My husband and I are RV “newbies” and my question will probably sound stupid to veteran RVers. The two TVs in our fifth wheel (probably original equipment) are dual voltage (12/120). I know that means they can work when hooked up at a campground or on battery power from the “house” batteries if not connected to “shore” power. We’d like to replace them. Can we just use an ordinary TV or is there something different about the electric outlets/wiring/breakers in the RV that could ruin a new TV? Or does it just mean that the new TVs won’t work unless we’re connected to a campground power source? —Sue L.
There’s no such thing as a stupid question, Sue. But you nailed it: A 120-volt AC (only) television will only operate whenever the shore cord is plugged in. Unless, of course, you have a generator or an inverter on your 5th wheel – both of which can be installed at any reputable RV service facility, by the way. All the receptacles and circuit breakers in the coach are 120-volt AC, similar to what you are accustomed to in a residential home. By swapping out the TVs, you lose the ability to watch while dry camping without hookups. But you can always add an inverter if that’s too much of a burden.
Read more from Gary Bunzer at the RVdoctor.com. See Gary’s videos about RV repair and maintenance.
I’m a newbie to owning an RV and I have a couple of questions to ask.
Winterizing the RV in the Midwest,can I perform this task if so what step do I need to take. What will be my priorities; lines,tanks, fuels and etc.
Or should I have a professional perform the job?
Next question, where do you suggest I purchase a TV made for a RV?
I replaced my Jensen 19″ 12 volt tv with an LG 32″ 110 volt tv. The tv actually works on 18 volts and has a transformer to get it from 110 to 18 volts. I have considered trying to find a 12 volt to 18 volt converter so that I can use the 12 volt tv socket. I do have a portable inverter that can handle 40 watts that I can use when I don’t want to use the generator.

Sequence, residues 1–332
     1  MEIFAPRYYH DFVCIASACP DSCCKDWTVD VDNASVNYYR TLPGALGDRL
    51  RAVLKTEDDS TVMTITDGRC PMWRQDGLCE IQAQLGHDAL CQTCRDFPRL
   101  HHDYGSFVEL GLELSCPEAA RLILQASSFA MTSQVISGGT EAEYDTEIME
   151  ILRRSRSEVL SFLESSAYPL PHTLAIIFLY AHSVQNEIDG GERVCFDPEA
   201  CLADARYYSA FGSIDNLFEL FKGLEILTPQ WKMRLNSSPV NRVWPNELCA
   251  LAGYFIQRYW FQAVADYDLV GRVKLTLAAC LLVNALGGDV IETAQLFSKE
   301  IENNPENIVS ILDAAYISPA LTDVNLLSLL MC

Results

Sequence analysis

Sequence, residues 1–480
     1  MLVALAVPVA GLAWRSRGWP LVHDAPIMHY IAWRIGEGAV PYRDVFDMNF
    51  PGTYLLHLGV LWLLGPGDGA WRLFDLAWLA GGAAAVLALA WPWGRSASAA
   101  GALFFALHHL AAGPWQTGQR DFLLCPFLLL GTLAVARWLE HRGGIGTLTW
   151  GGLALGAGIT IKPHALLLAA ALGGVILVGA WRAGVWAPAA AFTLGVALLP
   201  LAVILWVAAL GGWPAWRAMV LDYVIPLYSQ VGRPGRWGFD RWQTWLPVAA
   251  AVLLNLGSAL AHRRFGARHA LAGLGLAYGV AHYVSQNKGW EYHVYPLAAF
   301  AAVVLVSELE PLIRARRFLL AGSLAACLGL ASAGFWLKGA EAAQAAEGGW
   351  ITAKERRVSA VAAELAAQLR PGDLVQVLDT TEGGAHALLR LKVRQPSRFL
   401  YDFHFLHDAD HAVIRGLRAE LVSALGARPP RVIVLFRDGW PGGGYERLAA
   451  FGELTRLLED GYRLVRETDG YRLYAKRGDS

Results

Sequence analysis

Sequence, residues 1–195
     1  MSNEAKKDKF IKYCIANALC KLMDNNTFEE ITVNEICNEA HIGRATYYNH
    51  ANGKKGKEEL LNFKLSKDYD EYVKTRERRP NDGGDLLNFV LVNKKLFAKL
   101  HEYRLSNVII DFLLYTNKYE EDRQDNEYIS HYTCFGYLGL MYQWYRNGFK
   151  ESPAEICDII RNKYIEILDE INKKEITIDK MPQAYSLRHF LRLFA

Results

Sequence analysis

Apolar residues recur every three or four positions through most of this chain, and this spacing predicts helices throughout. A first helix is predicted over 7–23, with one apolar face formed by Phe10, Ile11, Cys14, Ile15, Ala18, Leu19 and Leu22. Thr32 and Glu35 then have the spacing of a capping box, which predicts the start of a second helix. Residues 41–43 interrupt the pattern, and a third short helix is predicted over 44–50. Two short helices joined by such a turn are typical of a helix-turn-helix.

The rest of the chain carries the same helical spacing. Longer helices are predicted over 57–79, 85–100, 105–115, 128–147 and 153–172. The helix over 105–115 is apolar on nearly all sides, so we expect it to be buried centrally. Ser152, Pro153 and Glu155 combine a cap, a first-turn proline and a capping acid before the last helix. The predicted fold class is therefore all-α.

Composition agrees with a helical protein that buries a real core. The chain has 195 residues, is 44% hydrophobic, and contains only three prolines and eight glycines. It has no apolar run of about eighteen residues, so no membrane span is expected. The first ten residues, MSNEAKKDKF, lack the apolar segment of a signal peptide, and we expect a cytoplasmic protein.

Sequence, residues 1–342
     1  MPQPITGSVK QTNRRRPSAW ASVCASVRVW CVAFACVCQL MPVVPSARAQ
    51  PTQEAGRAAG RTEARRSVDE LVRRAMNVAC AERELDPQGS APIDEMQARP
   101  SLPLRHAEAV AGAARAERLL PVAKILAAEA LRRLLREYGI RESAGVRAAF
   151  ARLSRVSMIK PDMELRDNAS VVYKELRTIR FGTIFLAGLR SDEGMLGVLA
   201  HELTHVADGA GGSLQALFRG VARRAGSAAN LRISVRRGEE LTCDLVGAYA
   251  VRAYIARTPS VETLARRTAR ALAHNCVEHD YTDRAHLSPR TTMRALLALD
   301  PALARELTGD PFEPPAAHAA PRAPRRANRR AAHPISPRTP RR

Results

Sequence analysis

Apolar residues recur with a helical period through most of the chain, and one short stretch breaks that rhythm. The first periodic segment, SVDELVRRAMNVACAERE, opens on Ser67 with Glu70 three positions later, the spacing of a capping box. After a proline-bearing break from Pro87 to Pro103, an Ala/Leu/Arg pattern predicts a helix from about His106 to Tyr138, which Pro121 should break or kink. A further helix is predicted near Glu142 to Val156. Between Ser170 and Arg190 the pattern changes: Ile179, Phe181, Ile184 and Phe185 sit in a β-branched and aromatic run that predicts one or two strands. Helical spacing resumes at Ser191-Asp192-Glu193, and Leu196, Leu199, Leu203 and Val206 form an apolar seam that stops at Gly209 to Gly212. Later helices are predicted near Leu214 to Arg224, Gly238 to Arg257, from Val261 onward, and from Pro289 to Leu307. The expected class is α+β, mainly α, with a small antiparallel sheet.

Interesting stuff about ‘regular’ TV’s having external 12 volt power supplies. Never heard of that. I’ve been pondering swapping out my 120 volt ac LCD TV for an LED TV (in the hopes of using less power when boondocking). The cost of 12 volt TV’s is pretty spendy – spendier than I really want to pay. Now I’m wondering if just replacing my current LCD TV with a new LED TV (another ac unit) would be better when running off my inverter and save me some bucks (and my batteries).
I had to replace a Kwikee entry step motor on my 1 1/2 yr old motor home. It was never abused nor did it ever hit anything. Just goes in/out real hard, hitting the step stops both ways. It was easy 15 min fix, good U Tube on replacement, & Amazon has kwikee motor 379147 for under $80. My question is, the only thing wrong with motor was a stripped plastic gear. Its an AM Equipment motor, & I e-mailed them to see if they had replacement parts, no answer after 2 wks. Do you know if some company is selling this gear?
Ron, I had that same problem on my 1989 Winnie Chieftain and found that the gear is actually the same as the one for a 1986 Ford Taurus electric window regulator motor . I bought it at Autozone for like $17. Take your old one with you.
My trailer came wired with 5.1 surround sound but no TV at all… I plopped a 32″ standard LED TV on the counter, chained down diagonally cantilevered, and its worked fine for 10,000 miles or so.
The only caveat is the power drain… A rainy day boondocking with kids can cream the batteries since I require an inverter for it. Many normal TVs have external switching DC power supplies, so if you plan to run from batteries at all, try to get a TV that is actually running on a 12V adapter… Many “home” TVs are ready to go in the RV by just plugging into 12V instead of their adapter.
We replaced our original CRT Style with a larger LED Panel. This TV works on 12vdc and I happened to have a connector in the TV Space with the correct size pin head on it. So when I first mounted the TV I connected this and it worked on the house batteries. But … over time I noticed that we’d get noise and the picture would get bad. Finally I took the original cord that came with this TV, regular 120vac plug, with an inline transformer and coming out of that 12vdc to plug into the TV. After switching to this setup and of course, on inverter when not plugged into shore power or on the generator, my noise/distortion issue went away. So I gather when on the straight 12vdc from the coach, the TV was susceptible to variations in voltage causing the noise/distortion. So I just thought I’d pass this info along.
Thank you for the info, John! First-hand tips from our readers are (usually) helpful, and we appreciate the input. Have a good evening. 😀 —Diane at RVtravel.com